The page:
Design and Application of Thermally Activated Delayed Fluorescent Materials for Photodynamic Therapy

用於光動力治療的熱活化延遲熒光材料的設計與應用

Student thesis: Doctoral Thesis

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Award date2 Sep 2021

Abstract

Cancer is a leading cause of death worldwide, accounting for nearly 10 million deaths in 2020. Photodynamic therapy (PDT) is an emerging therapeutic method for its merits including non-invasiveness, high-selectivity and anti-multidrug resistance. Currently, thermally activated delayed fluorescent (TADF) materials show great potential in PDT owing to their intrinsic small singlet-triplet energy gap (ΔEST), which facilitates intersystem crossing (ISC) process and increases yields of reactive oxygen species (ROS) with the presence of oxygen. This thesis mainly focuses on the design, development and application of TADF materials for PDT.

Firstly, two TADF molecules (PT and AT) with different electron-donating segments are rationally designed for manipulation of energy utilization of their excited states. By rationally changing the electron-donating sections PT and AT can effectively regulate the ΔEST and oscillator strength (f), which further tune energy flow between reactive oxygen sensitization and fluorescence emission. A small ΔEST and a small f of PT are favorable for PDT due to its efficient ISC process. In contrast, a larger ΔEST and f of AT are found to be beneficial for fluorescence imaging due to suppression of the ISC process. Such tunability enables the proposed TADF materials to exhibit tailored balances between singlet oxygen (1O2) generation and fluorescence emission. A two-photon infrared laser with great permeability is also used to excite the TADF materials for theranostic performance in vitro. These results demonstrate that TADF materials can be rationally designed as superior candidates for nanotheranostic agents by manipulating the ΔEST, and propose an effective design strategy for balancing ROS generation and fluorescence emission.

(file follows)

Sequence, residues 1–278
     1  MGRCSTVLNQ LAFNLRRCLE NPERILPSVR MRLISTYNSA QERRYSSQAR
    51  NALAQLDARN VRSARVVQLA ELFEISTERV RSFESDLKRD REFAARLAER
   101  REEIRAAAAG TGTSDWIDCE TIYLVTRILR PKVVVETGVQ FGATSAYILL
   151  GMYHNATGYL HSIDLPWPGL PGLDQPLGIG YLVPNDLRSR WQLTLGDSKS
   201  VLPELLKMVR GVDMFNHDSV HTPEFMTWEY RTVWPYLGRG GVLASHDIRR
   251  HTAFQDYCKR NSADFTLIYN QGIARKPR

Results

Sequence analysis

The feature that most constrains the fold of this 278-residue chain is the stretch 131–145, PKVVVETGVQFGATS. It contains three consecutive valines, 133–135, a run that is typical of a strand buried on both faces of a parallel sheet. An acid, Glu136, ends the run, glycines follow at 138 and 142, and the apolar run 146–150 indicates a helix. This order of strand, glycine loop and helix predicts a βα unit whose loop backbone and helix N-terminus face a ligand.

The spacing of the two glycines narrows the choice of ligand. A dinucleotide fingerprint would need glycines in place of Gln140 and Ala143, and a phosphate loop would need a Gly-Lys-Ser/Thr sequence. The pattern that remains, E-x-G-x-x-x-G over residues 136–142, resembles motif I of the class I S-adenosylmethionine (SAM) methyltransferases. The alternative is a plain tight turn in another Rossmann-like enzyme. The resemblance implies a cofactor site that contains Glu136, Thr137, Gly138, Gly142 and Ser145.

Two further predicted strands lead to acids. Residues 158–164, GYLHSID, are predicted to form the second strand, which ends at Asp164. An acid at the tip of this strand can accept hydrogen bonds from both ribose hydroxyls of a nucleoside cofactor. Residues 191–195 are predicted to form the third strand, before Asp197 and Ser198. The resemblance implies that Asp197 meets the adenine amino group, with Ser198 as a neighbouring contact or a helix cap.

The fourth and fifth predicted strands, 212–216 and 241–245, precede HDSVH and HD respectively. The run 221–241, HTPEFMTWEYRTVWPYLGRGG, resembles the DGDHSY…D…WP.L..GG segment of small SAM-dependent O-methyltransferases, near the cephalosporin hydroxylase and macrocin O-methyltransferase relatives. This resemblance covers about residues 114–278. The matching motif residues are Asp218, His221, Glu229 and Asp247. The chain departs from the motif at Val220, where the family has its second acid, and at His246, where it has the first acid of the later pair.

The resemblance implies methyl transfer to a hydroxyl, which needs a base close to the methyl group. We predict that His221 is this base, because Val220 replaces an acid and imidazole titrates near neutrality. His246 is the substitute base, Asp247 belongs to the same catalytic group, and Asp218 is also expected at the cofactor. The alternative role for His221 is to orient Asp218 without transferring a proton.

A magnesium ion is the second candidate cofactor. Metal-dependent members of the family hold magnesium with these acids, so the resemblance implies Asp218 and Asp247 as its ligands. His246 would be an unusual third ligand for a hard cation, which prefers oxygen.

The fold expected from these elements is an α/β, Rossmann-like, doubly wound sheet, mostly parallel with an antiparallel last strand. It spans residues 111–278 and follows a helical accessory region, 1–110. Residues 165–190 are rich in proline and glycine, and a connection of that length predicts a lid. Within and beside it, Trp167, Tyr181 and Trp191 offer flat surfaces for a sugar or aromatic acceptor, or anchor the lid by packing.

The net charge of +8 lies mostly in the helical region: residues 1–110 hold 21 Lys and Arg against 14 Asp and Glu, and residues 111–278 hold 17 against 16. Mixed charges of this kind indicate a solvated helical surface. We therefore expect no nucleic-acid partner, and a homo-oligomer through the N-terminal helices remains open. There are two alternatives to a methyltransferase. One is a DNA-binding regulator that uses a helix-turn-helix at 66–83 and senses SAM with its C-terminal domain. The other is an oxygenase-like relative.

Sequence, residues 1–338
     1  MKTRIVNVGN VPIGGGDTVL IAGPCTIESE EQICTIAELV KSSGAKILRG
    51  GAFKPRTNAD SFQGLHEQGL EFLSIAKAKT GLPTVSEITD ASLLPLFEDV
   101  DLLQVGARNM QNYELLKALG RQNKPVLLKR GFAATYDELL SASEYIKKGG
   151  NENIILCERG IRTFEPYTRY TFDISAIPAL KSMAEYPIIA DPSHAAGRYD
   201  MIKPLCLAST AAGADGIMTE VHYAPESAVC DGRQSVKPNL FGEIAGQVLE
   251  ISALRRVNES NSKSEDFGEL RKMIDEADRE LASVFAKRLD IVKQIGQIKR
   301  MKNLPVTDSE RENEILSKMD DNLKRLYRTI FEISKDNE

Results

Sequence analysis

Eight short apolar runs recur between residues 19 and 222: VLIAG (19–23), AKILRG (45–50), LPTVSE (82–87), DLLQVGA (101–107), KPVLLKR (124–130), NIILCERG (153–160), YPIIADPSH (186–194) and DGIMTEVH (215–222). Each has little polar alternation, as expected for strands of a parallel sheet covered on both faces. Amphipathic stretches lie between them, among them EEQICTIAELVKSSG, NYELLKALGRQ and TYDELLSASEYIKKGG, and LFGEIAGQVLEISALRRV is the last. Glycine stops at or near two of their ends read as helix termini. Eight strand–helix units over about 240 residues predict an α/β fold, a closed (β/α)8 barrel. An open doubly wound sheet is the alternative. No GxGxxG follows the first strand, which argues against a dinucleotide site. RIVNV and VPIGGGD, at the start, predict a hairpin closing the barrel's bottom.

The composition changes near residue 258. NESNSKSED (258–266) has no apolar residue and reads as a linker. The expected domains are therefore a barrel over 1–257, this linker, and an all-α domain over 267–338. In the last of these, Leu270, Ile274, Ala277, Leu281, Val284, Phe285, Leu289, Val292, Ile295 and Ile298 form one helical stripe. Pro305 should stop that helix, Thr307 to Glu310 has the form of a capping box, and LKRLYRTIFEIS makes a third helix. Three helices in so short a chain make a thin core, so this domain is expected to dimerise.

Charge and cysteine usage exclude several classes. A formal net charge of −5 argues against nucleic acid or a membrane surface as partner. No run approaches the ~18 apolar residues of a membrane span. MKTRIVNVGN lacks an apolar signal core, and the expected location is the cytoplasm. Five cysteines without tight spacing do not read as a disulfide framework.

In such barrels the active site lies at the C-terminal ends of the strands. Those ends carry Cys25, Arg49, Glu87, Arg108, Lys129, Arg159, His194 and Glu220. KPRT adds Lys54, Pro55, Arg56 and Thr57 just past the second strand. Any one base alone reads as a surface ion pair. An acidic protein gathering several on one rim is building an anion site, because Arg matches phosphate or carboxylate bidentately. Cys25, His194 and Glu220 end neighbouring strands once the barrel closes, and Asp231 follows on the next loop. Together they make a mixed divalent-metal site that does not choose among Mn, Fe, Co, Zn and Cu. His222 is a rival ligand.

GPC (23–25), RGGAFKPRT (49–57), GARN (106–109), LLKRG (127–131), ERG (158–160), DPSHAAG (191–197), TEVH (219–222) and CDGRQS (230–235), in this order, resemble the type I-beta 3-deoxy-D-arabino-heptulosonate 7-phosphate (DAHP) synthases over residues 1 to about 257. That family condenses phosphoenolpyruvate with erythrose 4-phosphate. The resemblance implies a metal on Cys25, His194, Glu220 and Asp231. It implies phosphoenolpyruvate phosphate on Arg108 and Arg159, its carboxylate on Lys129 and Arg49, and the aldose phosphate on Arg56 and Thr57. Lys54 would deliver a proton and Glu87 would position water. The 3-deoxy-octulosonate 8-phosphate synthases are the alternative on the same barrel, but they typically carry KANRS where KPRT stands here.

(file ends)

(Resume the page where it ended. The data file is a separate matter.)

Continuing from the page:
Secondly, a highly-efficient photosensitizer (PS) with notably enhanced 1O2 generation was successfully developed by introducing the heavy-atom effect into a TADF molecule. In this study, two TADF molecules, AQCz and its Br substitution AQCzBr2, with the same small ΔESTs of 0.11 eV were designed and synthesized. AQCzBr2 shows a spin-orbital coupling constant which is almost 3 times larger than that of AQCz due to the heavy-atom effect (HAE). An inert amphiphilic copolymer DSPE-PEG 2000 was incorporated for co-assembling the two molecules into water-dispersible and biocompatible nanoparticles (NPs). 1O2 quantum yield of the AQCzBr2 NPs was investigated and it is much higher than that of the AQCz NPs (0.91 vs. 0.21). The AQCzBr2 NPs are demonstrated as a safe and powerful PDT agent both in vitro and in vivo. All results suggested that applying the HAE to a TADF PS with intrinsically small ΔEST would be an effective design strategy for highly efficient PSs and providing an important perspective to invent future PSs with full potential.

Thirdly, to address the issue of low efficacy of typical type II PDT agents in solid tumors with hypoxia, a type I PDT agent (AQPO) was designed and synthesized using a typical TADF template, which ensures its small ΔEST as 0.09 eV and guarantees sufficient formation of triplet excitons. By introducing two electron-rich groups (benzyloxy) on both sides of AQPO, the electron-transfer process is greatly promoted under irradiation, leading to the generation of oxygenated radicals (e.g., O2•− and •OH) for type Ⅰ PDT. Meanwhile, the aggregation-induced emission (AIE) feature of AQPO is realized by its twisted structure, which significantly suppresses intramolecular motion and aggregation-caused quenching (ACQ) effect in aggregates. After encapsulated into an inert amphiphilic copolymer DSPE-PEG 2000, the as-prepared AQPO NP exhibits effective production of superoxide anion radical (O2•−) and hydroxyl radicals (•OH) in both normoxia and hypoxia environments and achieves an excellent anti-tumor effect in vivo, indicating its good potential as an innovative type I TADF PS.